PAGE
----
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2 Million Native Animals Killed by Wildlife Services Last Year -- Take Action

Black bearThe carnage continues: New figures show that the secretive government program known as Wildlife Services killed more than 2 million native animals in 2013, including 320 gray wolves, 75,326 coyotes, 419 black bears, 866 bobcats and 12,186 black-tailed prairie dogs. Its methods were gruesome, including aerial gunning, traps and exploding poison caps. Some animals took their final breaths in painful neck snares, while others were pulled from their dens and shot.

Most of the animals were targeted on behalf of the livestock and agriculture industries, along with other powerful interests that value profits over wildlife. The latest numbers are a 30 percent increase over 2012.

It's time to get this miscreant arm of the Agriculture Department under control. The Center for Biological Diversity filed a petition for reform in December, requesting new rules to make it more transparent and accountable and to halt the killing of nontarget animals.

Read more with the Center in The Washington Post and take action to reform this rogue program.

Suit Filed to Save Rare Alaskan Wolf

Alexander Archipelago wolfThe Alexander Archipelago wolf, a rare subspecies of gray wolf, is found only in the old-growth forests of southeast Alaska, but a long history of clearcut logging on the Tongass National Forest and private and state-owned lands has devastated much of its habitat.

In 2011 the Center and allies petitioned to get these Alaska wolves protected under the Endangered Species Act because they're being pushed toward extinction by logging and road-building in the Tongass. The U.S. Fish and Wildlife Service made an initial finding that protection may be warranted, but it still hasn't happened. This week the Center and partners sued the agency for delaying protection.

"As large carnivores disappear around the world, we still have a strong chance of saving this one-of-a-kind Alaska wolf," said Rebecca Noblin, the Center's Alaska director. "We know exactly what the wolf needs: old-growth forest, plenty of deer and refuge from humans. The Fish and Wildlife Service just needs to wake up and protect the wolves before it's too late."

Read more in Juneau Empire.

Oil Companies Use 45 Million Lbs. of Air Toxins in Southern California

Oil pumpjacksA new report from the Center and allies finds that oil companies, over the past year alone, used more than 45 million pounds of dangerous chemicals in Southern California that have a history of escaping into the air and posing serious health risks to people.

Oil companies used at least 44 different air-toxic chemicals -- including hydrofluoric acid and formaldehyde -- in hundreds of fracking, acidizing and gravel-packing jobs in Los Angeles and Orange counties. More than half of these chemical-intensive procedures involved oil wells within 1,500 feet of a home, school or medical facility, our analysis found.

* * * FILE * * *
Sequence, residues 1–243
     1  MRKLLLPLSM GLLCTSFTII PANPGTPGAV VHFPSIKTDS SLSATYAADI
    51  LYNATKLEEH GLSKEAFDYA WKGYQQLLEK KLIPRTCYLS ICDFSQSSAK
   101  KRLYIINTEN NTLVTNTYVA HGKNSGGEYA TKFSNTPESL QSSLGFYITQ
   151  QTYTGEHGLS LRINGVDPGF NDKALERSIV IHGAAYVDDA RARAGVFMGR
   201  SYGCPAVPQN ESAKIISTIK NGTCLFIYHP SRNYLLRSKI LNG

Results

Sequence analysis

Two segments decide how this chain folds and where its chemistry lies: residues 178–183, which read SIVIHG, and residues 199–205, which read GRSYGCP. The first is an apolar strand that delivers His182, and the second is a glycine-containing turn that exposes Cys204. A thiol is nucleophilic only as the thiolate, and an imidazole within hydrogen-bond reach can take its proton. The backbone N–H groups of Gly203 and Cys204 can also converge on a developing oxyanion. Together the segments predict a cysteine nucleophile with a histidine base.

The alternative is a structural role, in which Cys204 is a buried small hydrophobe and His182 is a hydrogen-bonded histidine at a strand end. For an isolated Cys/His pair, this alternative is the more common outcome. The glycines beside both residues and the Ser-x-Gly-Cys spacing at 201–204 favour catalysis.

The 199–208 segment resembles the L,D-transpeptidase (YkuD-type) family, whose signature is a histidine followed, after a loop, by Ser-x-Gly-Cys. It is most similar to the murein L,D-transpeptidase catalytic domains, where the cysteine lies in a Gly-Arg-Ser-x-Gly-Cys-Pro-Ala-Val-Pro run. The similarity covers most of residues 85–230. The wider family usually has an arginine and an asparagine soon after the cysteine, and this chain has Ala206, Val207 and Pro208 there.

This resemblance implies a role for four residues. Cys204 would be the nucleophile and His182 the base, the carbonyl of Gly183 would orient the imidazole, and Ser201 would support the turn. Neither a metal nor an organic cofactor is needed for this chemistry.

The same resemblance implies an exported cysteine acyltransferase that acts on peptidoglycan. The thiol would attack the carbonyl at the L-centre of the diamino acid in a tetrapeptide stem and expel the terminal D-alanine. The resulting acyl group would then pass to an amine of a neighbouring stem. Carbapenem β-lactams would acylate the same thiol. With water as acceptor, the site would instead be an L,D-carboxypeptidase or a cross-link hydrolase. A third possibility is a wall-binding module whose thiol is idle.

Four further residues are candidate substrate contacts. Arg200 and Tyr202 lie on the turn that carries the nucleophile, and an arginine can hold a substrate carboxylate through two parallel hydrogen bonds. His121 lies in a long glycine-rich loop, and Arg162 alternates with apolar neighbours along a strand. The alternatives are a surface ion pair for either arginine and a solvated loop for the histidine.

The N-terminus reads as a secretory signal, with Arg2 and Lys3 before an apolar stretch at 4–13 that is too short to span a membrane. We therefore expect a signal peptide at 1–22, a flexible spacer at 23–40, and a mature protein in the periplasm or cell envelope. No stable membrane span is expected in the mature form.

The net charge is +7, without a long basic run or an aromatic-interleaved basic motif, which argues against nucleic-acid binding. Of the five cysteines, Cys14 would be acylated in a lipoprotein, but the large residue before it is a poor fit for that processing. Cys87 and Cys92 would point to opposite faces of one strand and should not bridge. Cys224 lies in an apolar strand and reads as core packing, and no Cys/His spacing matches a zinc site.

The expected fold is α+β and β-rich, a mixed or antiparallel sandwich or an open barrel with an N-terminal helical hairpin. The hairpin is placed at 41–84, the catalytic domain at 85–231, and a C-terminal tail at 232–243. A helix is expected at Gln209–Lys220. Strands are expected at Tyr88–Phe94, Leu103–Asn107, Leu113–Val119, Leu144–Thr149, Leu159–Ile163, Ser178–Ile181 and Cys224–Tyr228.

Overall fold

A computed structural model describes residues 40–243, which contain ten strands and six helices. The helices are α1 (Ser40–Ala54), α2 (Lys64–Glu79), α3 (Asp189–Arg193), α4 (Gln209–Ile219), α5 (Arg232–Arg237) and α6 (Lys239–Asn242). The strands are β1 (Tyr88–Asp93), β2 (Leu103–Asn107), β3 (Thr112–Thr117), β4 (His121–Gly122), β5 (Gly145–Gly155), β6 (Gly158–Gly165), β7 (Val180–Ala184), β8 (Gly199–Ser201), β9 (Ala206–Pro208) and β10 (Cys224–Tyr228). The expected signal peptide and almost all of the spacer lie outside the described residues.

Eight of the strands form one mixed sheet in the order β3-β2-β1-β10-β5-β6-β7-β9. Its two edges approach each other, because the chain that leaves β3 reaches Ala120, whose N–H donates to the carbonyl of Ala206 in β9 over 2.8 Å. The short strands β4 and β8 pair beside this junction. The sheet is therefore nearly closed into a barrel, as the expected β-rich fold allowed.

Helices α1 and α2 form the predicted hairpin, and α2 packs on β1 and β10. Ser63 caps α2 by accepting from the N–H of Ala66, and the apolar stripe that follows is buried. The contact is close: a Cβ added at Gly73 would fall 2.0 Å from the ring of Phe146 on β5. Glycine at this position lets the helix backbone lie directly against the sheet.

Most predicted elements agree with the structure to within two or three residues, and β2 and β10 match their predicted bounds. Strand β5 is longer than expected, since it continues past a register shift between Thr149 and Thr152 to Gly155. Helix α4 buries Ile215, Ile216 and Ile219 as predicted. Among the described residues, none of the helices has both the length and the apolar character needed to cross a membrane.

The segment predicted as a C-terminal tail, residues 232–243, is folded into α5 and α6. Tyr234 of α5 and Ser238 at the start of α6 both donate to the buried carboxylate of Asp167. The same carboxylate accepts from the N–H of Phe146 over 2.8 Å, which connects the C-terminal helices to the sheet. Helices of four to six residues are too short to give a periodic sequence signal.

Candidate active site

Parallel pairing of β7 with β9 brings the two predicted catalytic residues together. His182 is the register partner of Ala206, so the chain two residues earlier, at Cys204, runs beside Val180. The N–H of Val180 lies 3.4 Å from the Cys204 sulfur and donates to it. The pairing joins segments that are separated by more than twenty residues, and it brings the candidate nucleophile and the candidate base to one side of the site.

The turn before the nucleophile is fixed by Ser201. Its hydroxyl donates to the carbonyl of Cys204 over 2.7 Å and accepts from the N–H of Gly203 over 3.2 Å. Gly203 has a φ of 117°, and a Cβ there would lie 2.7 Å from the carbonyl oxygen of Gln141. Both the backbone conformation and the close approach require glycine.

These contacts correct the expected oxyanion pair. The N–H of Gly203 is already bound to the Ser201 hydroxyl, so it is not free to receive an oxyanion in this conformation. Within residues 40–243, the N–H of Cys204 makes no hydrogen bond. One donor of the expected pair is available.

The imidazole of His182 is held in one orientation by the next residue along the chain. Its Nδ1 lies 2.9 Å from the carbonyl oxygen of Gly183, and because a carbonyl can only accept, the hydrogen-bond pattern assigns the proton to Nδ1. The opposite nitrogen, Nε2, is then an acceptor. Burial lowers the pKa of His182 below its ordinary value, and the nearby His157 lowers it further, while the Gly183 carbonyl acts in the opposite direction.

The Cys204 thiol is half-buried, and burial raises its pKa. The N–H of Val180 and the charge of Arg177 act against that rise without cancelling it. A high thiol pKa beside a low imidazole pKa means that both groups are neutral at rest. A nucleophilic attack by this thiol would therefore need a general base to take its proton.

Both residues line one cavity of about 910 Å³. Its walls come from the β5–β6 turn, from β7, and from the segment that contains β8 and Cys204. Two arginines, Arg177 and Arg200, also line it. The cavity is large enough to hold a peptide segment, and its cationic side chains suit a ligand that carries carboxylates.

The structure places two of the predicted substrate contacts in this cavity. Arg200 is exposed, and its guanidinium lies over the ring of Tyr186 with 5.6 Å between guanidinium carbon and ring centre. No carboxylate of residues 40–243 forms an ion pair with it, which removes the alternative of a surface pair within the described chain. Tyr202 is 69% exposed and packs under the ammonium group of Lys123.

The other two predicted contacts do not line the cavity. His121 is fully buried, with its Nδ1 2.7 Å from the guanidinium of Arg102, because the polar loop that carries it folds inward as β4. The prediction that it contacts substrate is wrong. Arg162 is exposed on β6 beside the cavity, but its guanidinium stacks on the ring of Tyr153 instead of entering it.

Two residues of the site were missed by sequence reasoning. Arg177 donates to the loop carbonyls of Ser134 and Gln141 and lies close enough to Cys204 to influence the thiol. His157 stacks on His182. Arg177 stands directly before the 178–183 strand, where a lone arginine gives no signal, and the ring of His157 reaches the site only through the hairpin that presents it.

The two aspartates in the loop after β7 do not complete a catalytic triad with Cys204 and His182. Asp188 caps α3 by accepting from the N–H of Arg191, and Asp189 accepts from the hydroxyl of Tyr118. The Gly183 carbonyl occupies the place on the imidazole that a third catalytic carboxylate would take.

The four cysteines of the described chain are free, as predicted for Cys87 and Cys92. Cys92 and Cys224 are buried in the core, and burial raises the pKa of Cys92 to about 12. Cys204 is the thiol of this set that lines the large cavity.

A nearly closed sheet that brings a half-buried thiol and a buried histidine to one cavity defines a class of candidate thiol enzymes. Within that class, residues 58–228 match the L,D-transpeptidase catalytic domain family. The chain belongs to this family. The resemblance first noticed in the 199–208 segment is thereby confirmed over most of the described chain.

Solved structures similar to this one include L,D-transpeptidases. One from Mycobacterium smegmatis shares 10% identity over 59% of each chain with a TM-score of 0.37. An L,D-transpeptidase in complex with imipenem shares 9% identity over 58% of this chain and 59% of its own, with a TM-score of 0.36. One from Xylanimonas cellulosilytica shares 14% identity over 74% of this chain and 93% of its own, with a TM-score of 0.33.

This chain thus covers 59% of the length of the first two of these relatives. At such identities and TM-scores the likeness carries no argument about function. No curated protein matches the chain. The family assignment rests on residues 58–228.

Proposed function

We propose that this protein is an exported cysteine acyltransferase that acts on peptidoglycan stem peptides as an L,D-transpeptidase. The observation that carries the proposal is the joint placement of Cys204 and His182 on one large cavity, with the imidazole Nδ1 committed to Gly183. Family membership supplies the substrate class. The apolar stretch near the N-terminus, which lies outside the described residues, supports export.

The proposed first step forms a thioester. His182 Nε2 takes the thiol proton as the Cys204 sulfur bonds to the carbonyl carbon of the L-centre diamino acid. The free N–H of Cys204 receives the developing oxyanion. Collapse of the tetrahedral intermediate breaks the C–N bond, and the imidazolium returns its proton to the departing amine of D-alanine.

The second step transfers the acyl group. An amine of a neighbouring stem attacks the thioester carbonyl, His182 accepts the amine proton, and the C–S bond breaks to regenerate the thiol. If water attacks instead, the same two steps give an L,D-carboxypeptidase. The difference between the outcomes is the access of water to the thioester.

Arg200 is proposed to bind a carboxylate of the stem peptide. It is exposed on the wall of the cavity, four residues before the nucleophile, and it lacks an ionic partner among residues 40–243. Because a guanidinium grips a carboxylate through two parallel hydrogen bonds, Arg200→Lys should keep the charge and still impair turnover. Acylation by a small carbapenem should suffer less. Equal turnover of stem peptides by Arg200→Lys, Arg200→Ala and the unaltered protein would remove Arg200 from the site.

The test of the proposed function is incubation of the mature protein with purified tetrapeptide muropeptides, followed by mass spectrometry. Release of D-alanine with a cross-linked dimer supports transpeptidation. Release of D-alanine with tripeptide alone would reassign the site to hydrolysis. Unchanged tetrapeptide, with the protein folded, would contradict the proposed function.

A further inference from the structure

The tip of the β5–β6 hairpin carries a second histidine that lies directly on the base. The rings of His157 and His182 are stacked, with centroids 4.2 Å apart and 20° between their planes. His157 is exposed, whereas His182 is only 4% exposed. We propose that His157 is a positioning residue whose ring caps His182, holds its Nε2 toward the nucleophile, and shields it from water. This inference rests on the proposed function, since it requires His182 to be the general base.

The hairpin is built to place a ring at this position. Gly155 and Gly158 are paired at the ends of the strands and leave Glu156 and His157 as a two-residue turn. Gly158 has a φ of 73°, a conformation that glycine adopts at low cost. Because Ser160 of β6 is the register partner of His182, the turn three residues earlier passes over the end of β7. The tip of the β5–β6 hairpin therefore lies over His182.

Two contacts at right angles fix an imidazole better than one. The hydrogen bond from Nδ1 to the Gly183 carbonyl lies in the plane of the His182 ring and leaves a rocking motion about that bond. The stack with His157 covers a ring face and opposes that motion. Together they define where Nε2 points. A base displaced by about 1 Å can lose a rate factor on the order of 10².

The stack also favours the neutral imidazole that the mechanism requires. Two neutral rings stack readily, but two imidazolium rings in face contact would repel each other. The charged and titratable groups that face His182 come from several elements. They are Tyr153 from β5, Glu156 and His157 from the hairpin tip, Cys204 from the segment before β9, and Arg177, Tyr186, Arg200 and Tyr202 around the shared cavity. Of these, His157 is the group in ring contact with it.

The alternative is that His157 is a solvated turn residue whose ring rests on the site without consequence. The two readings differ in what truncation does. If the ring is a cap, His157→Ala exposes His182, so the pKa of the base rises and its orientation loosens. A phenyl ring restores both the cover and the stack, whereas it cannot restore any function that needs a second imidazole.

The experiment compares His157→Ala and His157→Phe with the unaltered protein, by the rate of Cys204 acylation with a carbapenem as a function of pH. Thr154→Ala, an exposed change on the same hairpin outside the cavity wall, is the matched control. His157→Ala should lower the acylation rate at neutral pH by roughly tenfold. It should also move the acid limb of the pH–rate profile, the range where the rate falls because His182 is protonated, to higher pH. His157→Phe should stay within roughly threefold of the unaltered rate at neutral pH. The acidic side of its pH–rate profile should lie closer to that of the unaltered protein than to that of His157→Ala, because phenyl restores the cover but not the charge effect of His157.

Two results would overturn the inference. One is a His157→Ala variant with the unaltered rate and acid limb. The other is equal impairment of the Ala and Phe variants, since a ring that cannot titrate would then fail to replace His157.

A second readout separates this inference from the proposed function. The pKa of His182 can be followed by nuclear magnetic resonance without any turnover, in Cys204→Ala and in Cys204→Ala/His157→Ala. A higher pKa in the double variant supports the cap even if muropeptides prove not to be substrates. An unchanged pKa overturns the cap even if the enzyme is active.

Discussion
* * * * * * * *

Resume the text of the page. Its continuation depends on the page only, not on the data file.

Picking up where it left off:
"Oil companies' own records show they're recklessly using thousands of tons of air-toxic chemicals in some of California's most heavily populated communities," said the Center's Hollin Kretzmann. "This is the air that 13 million people breathe every day. We need to stop this dangerous oil extraction immediately to protect the air we breathe."

Get more from Southern California Public Radio.

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What Does 7 Billion Look Like? -- Send Us Your Photos

CrowdThere are nearly 7.2 billion people on the planet today, and our numbers keep growing. That means more crowds, more traffic, more pollution, and less room for the other species we share the Earth with. We want to know what living in a world of 7 billion looks like and feels like to you -- so we're launching a new photo campaign, called Crowded Planet.

From images of air pollution over the San Francisco Bay to congested parkways in New York and Los Angeles to long lines at the bank, we want to see how a growing human population affects your view of the world. We'll compile the photos and release them in time to spark a conversation about population for World Population Day on July 11.

Join our campaign on Instagram and/or Twitter using the hashtag #CrowdedPlanet, or email us your pics at (please, no larger than 10 MB).

Learn more and see sample photos for the Crowded Planet campaign.

Historic Legal Win for Arizona's Precious San Pedro River

San Pedro RiverAn Arizona judge this week rejected a controversial plan for a massive groundwater-pumping project that would drain water away from the San Pedro River to feed sprawl development in Sierra Vista, east of Tucson. The ruling said the conservation value of the Upper San Pedro River -- including for birds, fish and other wildlife -- wasn't properly considered in April 2013 when state officials approved the plan to pump water away for the Tribute development, which would include nearly 7,000 new homes and commercial lots.

The Center, along with Sierra Vista resident Tricia Gerrodette and the Bureau of Land Management, sued over the state's decision. We defended the Upper San Pedro as the last undammed and free-flowing river in the desert Southwest, which provides important habitat for a wide array of species, including migrating birds.

"This is a huge victory, not just for the San Pedro but for waters around the state that provide life-giving habitat for wildlife," said Robin Silver, a Center cofounder. "Sprawling projects like the one in Sierra Vista exact a massive toll on Arizona's natural resources. The San Pedro is a lifeblood of southern Arizona and deserves far better than to be drained for profits."

Read more in the Arizona Daily Star.

Southwest Jumping Mouse Leaps Onto Endangered List